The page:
30
Aug

Schalke tip cap to miners with awesome new stadium tunnel

Schalke have paid homage to the mining community that supports their side by revamping a tunnel in the Veltins-Arena stadium to look like a coal mine.

The club is nicknamed “the Miners” because of the area’s history of mining, and it’s pretty awesome to see Schalke embracing it.

With clubs like Bundesliga champion Bayern Munich lining up in the dark, imposing tunnel alongside Schalke’s squad, we’d say the pregame intimidation factor gets a bump in Schalke’s favor.

Let’s just take one more look at that:

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Awesome stuff.

(h/t Metro)

28
Aug

Legia Warsaw fans fire back at UEFA with amazing tifo over Champions League ruling

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After having its UEFA Champions League qualification tossed out on a pretty bogus technicality, Legia Warsaw were steaming mad.

To recap, Legia Warsaw blasted Celtic in their Champions League playoff to the tune of a 6-1 aggregate win, but the Polish side were deemed to have fielded an ineligible player late in their second-leg win. As a result, Celtic were reinstated, and Legia Warsaw were dropped to the Europa League.

To make matters worse, Celtic did absolutely nothing with the extra chance they were given at Champions League glory, losing to Slovenian side Maribor in their playoff earlier this week.

So, yeah, Legia Warsaw’s fans were none too pleased with UEFA. Luckily, they channeled their frustration into creativity and put together an amazing tifo. Ahead of Legia Warsaw’s Europa League playoff match against Aktobe, they busted out this:

The tifo meet all the requirements needed to send a message to UEFA: A gigantic, greedy pig holding a “6<1” sign with a caption of “Because football doesn’t matter, money does” with the backdrop of the UEFA logo?

Message received.

(h/t 101GG)

27
Aug

Cosmin Moti: The Champions League’s newest sensation

Merely an afterthought at the beginning of Wednesday’s UEFA Champions League shuffle, Ludogorets Razgrad vs. Steaua Bucuresti wound up turning into a true thriller.

The drama really kicked off when Ludogorets scored just before Spanish referee Alberto Undiano blew for full time, sending the contest into extra-time. With an apparent affinity for heightening drama toward the end of a period, Ludogorets then had their keeper, Vladisov Stoyanov, sent off with a red card.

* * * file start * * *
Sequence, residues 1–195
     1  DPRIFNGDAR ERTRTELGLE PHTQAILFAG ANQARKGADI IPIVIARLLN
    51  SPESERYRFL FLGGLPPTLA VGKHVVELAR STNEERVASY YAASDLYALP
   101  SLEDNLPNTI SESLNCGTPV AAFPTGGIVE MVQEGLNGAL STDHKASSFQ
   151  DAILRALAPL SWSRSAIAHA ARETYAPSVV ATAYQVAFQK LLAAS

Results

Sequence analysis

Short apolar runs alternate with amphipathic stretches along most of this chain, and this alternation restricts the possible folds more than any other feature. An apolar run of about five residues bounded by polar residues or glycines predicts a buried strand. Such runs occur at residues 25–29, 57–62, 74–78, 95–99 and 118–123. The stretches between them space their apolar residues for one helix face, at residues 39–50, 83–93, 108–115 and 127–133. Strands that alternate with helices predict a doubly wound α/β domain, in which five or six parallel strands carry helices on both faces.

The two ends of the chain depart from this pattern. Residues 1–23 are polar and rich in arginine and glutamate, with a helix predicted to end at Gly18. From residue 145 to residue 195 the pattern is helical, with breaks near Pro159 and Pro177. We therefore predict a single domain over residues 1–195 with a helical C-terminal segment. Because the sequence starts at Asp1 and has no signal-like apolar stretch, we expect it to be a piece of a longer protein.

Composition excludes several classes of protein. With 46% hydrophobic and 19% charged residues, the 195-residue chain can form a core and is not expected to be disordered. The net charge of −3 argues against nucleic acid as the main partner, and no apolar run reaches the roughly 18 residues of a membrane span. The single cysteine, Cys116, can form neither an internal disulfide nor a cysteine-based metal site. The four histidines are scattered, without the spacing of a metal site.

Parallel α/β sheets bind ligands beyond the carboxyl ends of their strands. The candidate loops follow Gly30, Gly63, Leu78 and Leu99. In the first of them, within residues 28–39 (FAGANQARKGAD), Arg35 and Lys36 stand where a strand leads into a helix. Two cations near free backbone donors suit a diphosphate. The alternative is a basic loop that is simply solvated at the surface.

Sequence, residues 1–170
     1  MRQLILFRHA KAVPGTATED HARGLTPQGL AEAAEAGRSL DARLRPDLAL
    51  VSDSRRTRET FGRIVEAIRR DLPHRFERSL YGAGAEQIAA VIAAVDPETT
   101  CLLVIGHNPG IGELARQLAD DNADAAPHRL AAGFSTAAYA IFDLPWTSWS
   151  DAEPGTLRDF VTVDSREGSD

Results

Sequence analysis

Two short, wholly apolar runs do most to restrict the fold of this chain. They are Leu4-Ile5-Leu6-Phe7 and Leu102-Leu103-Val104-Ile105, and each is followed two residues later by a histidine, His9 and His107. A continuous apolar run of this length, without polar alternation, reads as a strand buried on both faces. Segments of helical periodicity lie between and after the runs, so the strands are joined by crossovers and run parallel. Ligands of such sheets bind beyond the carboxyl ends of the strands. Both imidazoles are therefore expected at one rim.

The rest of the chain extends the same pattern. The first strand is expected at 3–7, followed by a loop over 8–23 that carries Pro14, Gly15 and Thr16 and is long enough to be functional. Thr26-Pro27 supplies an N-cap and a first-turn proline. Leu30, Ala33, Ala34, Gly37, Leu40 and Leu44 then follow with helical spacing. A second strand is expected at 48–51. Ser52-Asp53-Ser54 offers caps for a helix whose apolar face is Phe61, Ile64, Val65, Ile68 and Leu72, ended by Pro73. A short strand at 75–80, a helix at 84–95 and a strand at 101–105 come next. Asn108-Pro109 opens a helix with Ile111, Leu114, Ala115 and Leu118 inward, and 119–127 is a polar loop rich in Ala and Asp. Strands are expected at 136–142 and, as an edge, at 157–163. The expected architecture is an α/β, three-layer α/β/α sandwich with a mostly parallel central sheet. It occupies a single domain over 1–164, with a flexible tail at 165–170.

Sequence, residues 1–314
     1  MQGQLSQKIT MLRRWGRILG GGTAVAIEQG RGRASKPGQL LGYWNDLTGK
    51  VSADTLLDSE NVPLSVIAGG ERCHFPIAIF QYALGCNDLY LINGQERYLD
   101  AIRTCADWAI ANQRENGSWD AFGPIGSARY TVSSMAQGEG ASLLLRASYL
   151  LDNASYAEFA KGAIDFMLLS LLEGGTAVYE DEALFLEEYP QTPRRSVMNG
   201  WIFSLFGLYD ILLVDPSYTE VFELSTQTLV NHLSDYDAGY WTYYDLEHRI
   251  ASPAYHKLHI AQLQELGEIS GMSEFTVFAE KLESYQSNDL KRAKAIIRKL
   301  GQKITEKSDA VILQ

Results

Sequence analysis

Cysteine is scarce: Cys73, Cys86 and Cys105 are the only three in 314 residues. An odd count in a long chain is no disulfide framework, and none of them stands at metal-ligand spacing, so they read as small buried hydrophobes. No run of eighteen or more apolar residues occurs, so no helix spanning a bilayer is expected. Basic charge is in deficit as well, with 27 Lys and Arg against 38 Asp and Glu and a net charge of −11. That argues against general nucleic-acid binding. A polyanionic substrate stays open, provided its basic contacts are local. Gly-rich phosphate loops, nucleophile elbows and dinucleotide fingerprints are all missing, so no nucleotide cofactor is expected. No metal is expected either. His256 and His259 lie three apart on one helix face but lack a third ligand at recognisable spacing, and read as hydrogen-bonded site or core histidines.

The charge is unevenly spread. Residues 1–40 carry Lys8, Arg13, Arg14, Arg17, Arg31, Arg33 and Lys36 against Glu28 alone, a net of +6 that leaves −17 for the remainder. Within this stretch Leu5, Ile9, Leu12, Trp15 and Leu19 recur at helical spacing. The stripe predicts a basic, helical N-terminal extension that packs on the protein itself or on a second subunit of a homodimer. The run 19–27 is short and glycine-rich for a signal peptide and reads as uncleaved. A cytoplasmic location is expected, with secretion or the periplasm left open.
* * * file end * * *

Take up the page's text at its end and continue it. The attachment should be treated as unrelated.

Out of substitutions and with a penalty shootout looming, the team turned to central defender Cosmin Moti to save the day. And boy, did he:

Moti donned backup keeper Ivan Civorovic’s keeper shirt, but it may as well have been a cape. Not only did Moti step up to take his side’s first kick of the penalty shootout (with his goalie gloves on!), he drilled it past his counterpart.

Then, the new Champions League star went on to save not just one, but two Steaua penalties to seal the win. Moti’s heroics earned lowly Ludogorets their first-ever berth in the Champions League group stage.

Here’s to hoping Moti and his scrappy side keep the hits coming against some other big boys.

20
Aug

Man gets Man U tattoo because his name is already “Mr. Manchester United”

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Quite possibly the nuttiest football fan in the world, “Mr. Manchester United” — yes, that is his actual, legal name — now has United’s club badge tattooed on his forehead.

Our sources say that Mr. Manchester United got the tattoo out of fear nobody knew exactly just how big his love for Manchester United really was….

In all seriousness, the fan did offer an explanation for this to The Sun, and it is hilarious:

'The tattoo's my ID card,' he said. 'People don't look at me in a funny way, they look in admiration.' 'Now, whenever someone asks my name, I point to my forehead and smile. It makes me stand out and proves my loyalty to United,' he added.

Earlier this year, Zdravkov Levidzhov won a 15-year legal battle to change his name to Mr. Manchester United.

Mr. United drew inspiration for his name - and life - change after watching the Red Devils’ victory over Bayern Munich in the 1999 UEFA Champions League Final… on TV. (He wasn’t even there? Some fan!)

Oh, and his cat’s name is “David Beckham.” Of course it is.

(H/T and Image: The Sun)

16
Aug

Real Madrid full-kit pitch invader tries to blend in on corner kick

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This is Cristiano Ronaldo. He played and scored against Fiorentina in Real Madrid’s 2-1 friendly loss on Saturday. He was subbed off at halftime, but somehow ‘Cristiano Ronaldo’ magically appeared back on the pitch in the 75th minute.

Okay, clearly that is not the Cristiano Ronaldo. It is a fan who thought himself clever by wearing a full kit, invading the pitch and trying to blend in on a Fiorentina corner kick. It actually worked pretty well as no one seemed to know what was going on or what to do.

He was pretty much was given free rein to walk wherever he pleased.

Security? Anybody? No? Okay then. Well played, sir.

15
Aug

Jack Wilshere trolls birthday boy Alex Oxlade-Chamberlain to perfection